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Sam Balsara on the shift in policy of mix of clients at Madison World

When asked about the agency’s performance in FY2019, Sam Balsara, Chairman & MD, Madison World, said, “FY2018-19 has been a fantastic year for us”, as against FY2017-18, which was not a good year for Madison. 

Madison has 11 units and the largest offering of services spanning media, digital, activation, retail and sports management. Balsara said, “We cover almost everything that an advertiser might across these 11 units. In FY2018-19, we dealt with as many as 550 clients.” 

Balsara had a lot to share with Adgully on where the agency structure is headed, how programmatic will impact media buying, why one P&L won’t work and more. 

We have recently seen a spate of agency restructures and the rise of network agencies again. You were one of the first agencies decades ago to split media and creative services. Where do you think the agency structure is headed today?
From experience I have seen the success of specialisation, so I am a deep believer of specialisation. What specialisation does is that it helps create a cadre of people and gives people pride in what they do. By doing the same thing over and over again, they become experts and specialists in it, and then you can offer that superior service at a lower cost to the clients, because an expert is handling it. So, I am sold on the benefits of specialisation, however if there is any good thing you know, you can overstretch it, so I think today we are probably hitting the boundaries of specialisation to its nth degree. 

But having said that, I think the need of the hour is to collaborate. Since we have so many units and servicesat Madison, we encourage our various units to collaborate a lot more than what they have done in the past and because of this focus on collaboration, we have seen that we are able to offer multiple services to the same client, which makes them happy and also because they are receiving multiple services of high quality from the same group rather than having to deal with the individual groups. We have consciously focused on this aspect for the last two years and I think we are beginning to see the results of that even in financial terms. 

So, do you have one P&L now?
No, while we believe that accountability is very important, we have individual unit heads for each unit who is accountable for the P&L. But at the same time they are encouraged to collaborate and it’s the best of both worlds. One P&L is just a fancy phrase. I think at the second level one P&L will not work.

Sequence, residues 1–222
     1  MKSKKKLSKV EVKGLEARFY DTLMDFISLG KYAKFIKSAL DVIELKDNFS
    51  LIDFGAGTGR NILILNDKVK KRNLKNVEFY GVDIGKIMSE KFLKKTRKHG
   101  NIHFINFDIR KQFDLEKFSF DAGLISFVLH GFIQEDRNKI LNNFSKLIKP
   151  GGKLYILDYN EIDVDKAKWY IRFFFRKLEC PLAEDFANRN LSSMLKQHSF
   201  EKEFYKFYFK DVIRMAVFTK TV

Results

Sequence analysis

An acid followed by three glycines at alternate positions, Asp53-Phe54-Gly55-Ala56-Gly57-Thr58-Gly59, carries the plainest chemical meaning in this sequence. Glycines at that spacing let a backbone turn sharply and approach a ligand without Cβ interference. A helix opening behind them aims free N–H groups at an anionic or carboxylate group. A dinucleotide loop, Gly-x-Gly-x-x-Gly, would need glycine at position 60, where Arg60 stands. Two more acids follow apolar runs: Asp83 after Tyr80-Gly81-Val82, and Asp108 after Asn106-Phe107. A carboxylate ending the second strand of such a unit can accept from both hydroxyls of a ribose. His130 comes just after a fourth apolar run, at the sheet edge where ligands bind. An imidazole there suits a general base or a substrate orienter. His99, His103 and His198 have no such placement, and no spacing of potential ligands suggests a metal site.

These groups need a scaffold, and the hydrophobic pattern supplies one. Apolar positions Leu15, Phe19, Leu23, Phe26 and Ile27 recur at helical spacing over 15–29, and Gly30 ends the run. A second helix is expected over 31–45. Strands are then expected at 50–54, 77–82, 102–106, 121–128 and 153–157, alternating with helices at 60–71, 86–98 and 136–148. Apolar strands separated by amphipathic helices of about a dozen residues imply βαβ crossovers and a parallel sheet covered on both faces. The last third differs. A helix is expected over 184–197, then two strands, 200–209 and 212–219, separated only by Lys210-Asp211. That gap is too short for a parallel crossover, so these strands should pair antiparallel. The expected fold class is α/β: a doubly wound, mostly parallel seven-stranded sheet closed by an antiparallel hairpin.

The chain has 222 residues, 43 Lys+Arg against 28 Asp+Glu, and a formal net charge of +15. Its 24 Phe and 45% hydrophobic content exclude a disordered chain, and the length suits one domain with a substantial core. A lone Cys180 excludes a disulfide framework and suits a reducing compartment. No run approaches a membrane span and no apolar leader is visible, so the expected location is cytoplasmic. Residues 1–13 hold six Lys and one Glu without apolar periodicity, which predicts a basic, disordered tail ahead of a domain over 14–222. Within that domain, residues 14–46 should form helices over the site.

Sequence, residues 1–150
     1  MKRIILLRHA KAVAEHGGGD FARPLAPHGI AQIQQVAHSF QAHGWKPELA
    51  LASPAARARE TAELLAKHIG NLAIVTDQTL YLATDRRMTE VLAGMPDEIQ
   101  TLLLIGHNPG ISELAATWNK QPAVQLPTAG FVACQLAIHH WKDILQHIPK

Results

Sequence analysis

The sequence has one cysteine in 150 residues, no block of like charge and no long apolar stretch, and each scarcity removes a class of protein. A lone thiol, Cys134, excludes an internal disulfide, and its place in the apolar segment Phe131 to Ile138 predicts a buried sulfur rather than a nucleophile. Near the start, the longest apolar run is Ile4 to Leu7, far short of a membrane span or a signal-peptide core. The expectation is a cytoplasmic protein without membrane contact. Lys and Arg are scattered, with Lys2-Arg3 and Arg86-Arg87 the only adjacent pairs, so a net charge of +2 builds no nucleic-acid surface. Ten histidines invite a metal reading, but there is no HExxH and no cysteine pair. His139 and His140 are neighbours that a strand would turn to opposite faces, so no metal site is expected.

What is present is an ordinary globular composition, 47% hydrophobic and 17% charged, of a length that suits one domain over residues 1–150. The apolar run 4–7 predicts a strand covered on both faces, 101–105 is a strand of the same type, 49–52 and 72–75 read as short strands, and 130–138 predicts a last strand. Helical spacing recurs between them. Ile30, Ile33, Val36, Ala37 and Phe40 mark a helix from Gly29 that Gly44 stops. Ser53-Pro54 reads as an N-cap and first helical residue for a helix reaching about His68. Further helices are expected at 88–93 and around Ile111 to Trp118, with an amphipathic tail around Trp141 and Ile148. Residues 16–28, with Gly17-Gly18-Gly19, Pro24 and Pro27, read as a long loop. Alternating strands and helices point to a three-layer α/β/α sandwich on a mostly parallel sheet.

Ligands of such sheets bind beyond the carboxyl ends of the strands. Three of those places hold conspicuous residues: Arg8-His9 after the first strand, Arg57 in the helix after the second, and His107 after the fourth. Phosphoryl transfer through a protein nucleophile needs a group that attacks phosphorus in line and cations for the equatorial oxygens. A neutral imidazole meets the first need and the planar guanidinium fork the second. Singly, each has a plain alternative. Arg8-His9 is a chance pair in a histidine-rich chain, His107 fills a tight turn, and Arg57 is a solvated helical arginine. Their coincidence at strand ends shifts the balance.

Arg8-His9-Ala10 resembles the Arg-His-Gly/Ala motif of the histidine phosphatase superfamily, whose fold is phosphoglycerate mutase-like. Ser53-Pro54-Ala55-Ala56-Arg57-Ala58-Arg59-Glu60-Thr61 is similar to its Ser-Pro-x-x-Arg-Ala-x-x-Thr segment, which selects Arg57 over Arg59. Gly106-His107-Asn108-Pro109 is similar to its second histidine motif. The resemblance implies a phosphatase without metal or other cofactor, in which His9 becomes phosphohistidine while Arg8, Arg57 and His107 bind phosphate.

Do you think programmatic is taking over? What will the media function of the future look like?
I think programmatic is growing very well now and more and more clients are accepting programmatic as it helps bring down the cost. Anything that is done by a machine, it stands to reason that it can be done more efficiently, faster and cheaper, compared to when a human being does it. So, programmatic is nothing but machine buying. Obviously a machine, when it does a task, learns from the past and works far more efficiently. 

How are you making your team programmatic-ready?
We have been ysing a large amount of programmatic in these last four years for many of our clients. Over the last two years, what has characterised Madison’s growth is actually our digital growth. Digital grew for us by some 165 per cent last year and we now have over 200 people between Madison Digital and Madison Media. A new office has been built especially for Digital. 

Over the years, Madison has taken on a lot of blue chip clients and built up a very select portfolio of clients. How has Madison’s business strategy evolved over the years? Do you see Madison relying on less organic growth now?
Yes, I think that was my philosophy. When I look back, maybe I was a little vain in deciding on that and it didn’t just stop there. But over the years, I have realised that it was not a sensible and sustainable policy because the bigger the brand, the more demanding they are and the more they squeeze you in terms of demanding more and more services at a lower fee. Thus, we realised that we need to have a combination of small, medium and large clients and today, we have a rather good mix of clients. We have different systems in place to cater to each type or rather each size of client; obviously, the way we handle a very large client is different from the way we handle a small client.

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